Pride & Polish Weekly Video Encore, No. 1: Robb Mariani’s 1974 Ford W9000

Updated Sep 3, 2020
Mariani’s Ford 1974 Low Patrol
All told, Mariani and Wike put in untold man-hours — “months” — of labor, and otherwise spent, estimating very conservatively, around $50,000 on the rod. They got lots of help from a variety of sponsors in equipment donations and the like, from the Big Rig Chrome Shop in TK TK, House of Color paint, Mariani’s long association with Cobra Electronics, Bingham Tire in Tennessee and others. HELP ME OUT WITH THOSE I’M MISSING HERE AND/OR A QUOTE TO ROUND IT UP.

One way we are celebrating the 30th anniversary of Overdrive‘s Pride & Polish is by looking back at the 30 most-popular Pride & Polish show truck videos from our YouTube page.

This week, we are wrapping up our 30-week countdown of the videos with the No. 1 most-viewed Pride & Polish video from Overdrive‘s YouTube page. Also this week, on Friday, Overdrive is announcing the winners of the virtual Pride & Polish competition being held in lieu of a live event due to the COVID-19 pandemic.

See previous videos in the series and all of the 30th anniversary coverage for Overdrive‘s Pride & Polish here.See previous videos in the series and all of the 30th anniversary coverage for Overdrive‘s Pride & Polish here.

Winners will be presented Aug. 28 in a virtual event streamed on Overdrive’s Facebook page as part of Overdrive’s GATS Week, Aug. 24-28. It will begin at 8:30 p.m. EST, following the finale of the Overdrive-Red Eye Radio Trucker Talent Search, which begins at 8 p.m. Former “American Trucker” host and trucking advocate Robb Mariani will emcee the Pride & Polish awards. Finalists for the seven awards can be seen here.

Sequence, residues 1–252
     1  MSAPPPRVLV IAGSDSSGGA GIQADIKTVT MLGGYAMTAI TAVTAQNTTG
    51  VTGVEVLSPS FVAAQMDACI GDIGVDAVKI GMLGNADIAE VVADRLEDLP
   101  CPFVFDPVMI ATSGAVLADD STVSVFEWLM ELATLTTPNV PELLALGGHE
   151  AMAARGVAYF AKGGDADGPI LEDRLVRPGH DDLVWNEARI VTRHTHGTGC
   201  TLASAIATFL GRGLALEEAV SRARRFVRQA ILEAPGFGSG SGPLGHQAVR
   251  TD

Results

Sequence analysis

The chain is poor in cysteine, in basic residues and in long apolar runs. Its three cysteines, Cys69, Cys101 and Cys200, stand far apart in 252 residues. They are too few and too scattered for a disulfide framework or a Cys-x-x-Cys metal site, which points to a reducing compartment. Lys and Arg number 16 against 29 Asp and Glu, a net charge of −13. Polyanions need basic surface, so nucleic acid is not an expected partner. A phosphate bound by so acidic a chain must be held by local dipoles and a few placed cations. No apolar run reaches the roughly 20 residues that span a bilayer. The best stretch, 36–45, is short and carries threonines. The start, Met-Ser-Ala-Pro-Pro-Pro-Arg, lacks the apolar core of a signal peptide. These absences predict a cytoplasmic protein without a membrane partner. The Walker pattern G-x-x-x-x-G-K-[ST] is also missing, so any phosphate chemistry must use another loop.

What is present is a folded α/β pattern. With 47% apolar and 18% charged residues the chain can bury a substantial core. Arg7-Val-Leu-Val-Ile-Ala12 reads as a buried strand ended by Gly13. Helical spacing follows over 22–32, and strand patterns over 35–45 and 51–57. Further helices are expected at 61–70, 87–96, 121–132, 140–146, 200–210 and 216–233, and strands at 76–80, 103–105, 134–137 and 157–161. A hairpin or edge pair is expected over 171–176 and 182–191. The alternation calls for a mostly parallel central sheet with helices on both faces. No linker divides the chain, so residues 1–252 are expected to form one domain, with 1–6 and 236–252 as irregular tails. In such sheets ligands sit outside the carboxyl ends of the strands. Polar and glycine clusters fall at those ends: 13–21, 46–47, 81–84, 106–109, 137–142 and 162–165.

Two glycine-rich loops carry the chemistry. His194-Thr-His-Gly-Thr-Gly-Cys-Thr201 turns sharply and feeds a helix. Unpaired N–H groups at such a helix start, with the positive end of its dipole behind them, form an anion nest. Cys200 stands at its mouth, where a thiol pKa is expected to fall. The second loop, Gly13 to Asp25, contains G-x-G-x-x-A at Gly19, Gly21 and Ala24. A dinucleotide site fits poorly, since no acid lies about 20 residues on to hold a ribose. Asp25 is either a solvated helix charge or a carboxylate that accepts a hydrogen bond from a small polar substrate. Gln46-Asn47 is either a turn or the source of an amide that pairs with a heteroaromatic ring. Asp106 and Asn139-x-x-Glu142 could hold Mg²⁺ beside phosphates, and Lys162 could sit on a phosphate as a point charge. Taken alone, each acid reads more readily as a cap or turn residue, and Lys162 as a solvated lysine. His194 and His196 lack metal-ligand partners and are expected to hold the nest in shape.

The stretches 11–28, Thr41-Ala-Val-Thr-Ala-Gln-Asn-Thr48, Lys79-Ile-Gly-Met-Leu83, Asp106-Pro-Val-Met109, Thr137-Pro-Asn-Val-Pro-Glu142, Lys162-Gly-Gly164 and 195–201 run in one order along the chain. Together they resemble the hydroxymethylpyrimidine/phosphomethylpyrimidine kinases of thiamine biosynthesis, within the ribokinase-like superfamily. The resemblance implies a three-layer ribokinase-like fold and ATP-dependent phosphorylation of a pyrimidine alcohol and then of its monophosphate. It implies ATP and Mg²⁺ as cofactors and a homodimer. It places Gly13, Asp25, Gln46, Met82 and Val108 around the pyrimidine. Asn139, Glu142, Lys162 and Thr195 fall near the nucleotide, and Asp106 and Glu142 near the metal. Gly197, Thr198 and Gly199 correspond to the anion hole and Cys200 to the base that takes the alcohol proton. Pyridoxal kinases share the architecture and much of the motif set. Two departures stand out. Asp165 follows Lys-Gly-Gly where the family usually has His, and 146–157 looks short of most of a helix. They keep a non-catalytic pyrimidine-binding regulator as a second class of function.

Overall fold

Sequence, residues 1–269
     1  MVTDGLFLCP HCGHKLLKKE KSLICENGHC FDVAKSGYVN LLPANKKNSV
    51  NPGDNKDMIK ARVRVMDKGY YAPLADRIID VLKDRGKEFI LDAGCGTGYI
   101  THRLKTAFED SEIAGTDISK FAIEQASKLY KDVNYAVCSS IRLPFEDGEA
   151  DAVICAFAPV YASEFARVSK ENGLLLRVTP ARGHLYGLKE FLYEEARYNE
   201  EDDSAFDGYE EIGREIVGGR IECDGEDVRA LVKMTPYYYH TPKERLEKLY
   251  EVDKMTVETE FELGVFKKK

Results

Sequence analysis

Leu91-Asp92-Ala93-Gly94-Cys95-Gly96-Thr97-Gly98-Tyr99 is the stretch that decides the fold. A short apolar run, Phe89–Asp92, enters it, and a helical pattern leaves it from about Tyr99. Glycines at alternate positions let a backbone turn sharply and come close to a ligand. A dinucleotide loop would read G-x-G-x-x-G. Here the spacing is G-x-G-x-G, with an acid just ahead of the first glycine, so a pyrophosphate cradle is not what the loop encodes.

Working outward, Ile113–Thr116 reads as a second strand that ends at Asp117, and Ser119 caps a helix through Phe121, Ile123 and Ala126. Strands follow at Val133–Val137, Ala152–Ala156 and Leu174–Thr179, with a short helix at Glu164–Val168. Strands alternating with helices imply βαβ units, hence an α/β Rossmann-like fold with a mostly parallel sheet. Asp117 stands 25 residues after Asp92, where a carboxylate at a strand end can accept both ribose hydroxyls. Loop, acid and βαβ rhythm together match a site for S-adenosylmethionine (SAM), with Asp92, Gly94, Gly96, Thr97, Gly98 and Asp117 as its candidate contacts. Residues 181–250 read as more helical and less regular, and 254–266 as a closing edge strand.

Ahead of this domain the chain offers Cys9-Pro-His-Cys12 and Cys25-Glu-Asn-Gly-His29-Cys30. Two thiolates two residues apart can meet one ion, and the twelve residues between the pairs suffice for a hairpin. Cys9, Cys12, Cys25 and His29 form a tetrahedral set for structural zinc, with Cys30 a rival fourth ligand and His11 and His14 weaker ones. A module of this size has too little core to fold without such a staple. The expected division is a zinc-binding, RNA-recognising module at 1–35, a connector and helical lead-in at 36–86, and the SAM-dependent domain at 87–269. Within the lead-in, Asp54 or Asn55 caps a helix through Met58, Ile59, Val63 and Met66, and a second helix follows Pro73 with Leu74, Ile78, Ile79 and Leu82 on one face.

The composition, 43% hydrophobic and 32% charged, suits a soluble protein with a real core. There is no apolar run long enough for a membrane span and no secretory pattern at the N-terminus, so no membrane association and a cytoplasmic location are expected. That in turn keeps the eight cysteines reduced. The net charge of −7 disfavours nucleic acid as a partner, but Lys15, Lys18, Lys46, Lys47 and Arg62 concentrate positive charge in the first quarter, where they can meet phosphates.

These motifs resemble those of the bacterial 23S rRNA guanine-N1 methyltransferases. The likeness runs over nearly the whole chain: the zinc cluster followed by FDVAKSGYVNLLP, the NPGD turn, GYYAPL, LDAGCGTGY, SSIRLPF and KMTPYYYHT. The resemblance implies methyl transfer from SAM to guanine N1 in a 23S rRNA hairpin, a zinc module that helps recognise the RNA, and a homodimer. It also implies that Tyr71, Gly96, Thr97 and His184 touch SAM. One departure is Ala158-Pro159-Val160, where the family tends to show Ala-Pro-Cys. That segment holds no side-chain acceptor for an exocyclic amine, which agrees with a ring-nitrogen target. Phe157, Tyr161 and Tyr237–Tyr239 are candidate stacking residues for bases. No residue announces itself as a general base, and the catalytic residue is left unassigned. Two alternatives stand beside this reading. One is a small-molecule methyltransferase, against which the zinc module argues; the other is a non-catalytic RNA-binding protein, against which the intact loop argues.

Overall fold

Mariani also happens to be the owner of the truck in the most-watched Pride & Polish video, a 1974 Ford W9000 cabover, which he calls “Low Patrol.” As he describes in the video, the truck was bought new in 1973 by the Tennessee Highway Patrol and used as a mobile command unit for about 20 years before being put up for auction. Mariani bought it in 2003 from its second owner.

The rig got its “Low Patrol” moniker after Mariani chopped it down and modified it from its original look. Still original to the truck when it was shown at the 2014 Pride & Polish event in Crossville, Tennessee, were its original 290 Cummins and Rockwell 3:73 rear end (which remain today) and only 53,000 original miles, along with its original wheels, which Mariani had chromed.

There are also many custom touches Mariani added to the truck to make it stand out, including square stacks, a bevy of interior customizations and more.

Be sure to subscribe to Overdrive‘s Custom Rigs free weekly newsletter to catch all of our Pride & Polish coverage.

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